Poche, cha m. y f. Name with which northamericans of spanish extraction, specially mexicans, are designated, in the south of the United States, particularly in California. (In Mexico the most common thing to say is pocho or pocha and it doesn’t present itself to be too odd that its origen stem from pochio, a sonorismo (from Sonora) which very likely stems from the yaqui; also meaning short in limitations. More clearly, stupid) 2.Corrupted spanish, a mix of english and worst spanish which northamericans and foreign residents of spanish origin speak, mainly mexicans, in California (USA) [pp. 504-505]

A similar definition added to a more ample, clearer explanation with a linguistic and historic link and that I shall now gloss is that of Horacio Sobarzo (Vocabulario sonorense, Editorial Porrúa, México, 1966, pp. 258-259). He considers the word pochi (pocho) an “authentic sonorismo” and traces it to two autochtonous sources. In its first sense, Pocho “originates from the ópata potzico, which means to cut, to yank weed or grass; potzi, very simply, has the connotation of cutting or recutting, anything [...] and the particle tzi once adapted to the spanish phonetic system sounds like chi. Potzico in the middle of the 19th century meant metaphorically “ the art of yanking weed” in reference to the “compatriot which was yanked from our nationality”. On the other hand , the idiom which connotes a tailless animal is derived from another ópata word: tacopotzi which means without a tail. In short, the ethymological evolution of our word has two potential autochtonous sources: 1) potzico > potzi > pochi > pocho. 2) tacopotzi > potzi > pochi > pocho.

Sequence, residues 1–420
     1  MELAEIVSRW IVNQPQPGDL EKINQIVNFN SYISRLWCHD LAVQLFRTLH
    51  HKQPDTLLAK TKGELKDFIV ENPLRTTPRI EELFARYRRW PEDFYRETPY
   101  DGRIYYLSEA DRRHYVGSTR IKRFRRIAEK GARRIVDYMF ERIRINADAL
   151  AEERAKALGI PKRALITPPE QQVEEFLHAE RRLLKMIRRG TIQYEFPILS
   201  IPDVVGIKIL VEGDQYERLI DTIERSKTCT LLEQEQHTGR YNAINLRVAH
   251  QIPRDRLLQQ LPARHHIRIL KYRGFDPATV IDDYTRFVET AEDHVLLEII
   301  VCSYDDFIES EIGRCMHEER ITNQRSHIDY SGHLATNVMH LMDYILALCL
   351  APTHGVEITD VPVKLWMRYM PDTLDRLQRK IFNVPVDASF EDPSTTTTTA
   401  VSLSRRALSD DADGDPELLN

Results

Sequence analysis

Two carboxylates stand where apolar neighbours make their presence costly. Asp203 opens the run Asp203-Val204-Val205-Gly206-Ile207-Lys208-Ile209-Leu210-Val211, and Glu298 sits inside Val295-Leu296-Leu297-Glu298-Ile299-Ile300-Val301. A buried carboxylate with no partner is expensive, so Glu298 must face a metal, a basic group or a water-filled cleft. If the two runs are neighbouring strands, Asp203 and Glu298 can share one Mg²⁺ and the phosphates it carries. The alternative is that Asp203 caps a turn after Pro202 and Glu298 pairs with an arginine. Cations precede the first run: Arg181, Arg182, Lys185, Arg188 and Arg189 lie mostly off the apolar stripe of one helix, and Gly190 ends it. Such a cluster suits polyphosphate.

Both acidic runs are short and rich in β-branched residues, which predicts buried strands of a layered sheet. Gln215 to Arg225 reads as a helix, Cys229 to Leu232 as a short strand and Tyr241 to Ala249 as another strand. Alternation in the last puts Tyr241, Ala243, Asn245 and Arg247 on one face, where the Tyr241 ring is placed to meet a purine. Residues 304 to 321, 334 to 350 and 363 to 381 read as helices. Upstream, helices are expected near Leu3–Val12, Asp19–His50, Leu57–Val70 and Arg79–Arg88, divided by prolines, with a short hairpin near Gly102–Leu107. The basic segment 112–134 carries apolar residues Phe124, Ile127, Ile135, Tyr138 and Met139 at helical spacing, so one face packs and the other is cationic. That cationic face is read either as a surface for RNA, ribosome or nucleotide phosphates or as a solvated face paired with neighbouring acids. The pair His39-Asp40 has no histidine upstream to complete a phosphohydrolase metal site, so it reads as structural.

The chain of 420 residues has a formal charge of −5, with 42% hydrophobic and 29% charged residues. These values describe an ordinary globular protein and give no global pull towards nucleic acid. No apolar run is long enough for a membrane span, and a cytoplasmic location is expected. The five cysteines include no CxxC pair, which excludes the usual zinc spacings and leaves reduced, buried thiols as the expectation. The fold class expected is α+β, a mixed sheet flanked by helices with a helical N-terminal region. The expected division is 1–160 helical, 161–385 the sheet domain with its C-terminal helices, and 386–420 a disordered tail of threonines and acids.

Though dictionaries assign Pocho the meaning of discolored, colored crackled, Sobarzo affirms that “within the pochi classification it was to be understood as well all of those that, inasmuch weed was, were yanked of their nationality and had the same fortune of that territorial portion which se pocho from our country, whites, blonds, blacks, morenos, colored and discolored”.

In another passage I also read that Pocho is older than Chicano. I read the following, in english too! this snippet by Américo Paredes: It was tthe barrio that produced the pocho, the early version of Chicano” … (Hey! Those 3 dots mean I am tired of translating) Further more I also read that José Vasconcelos confirmed that in the California of the 30’s pocho was already in use to mean those who deny their blood, dang.

Well, that explains that, doesn’t it!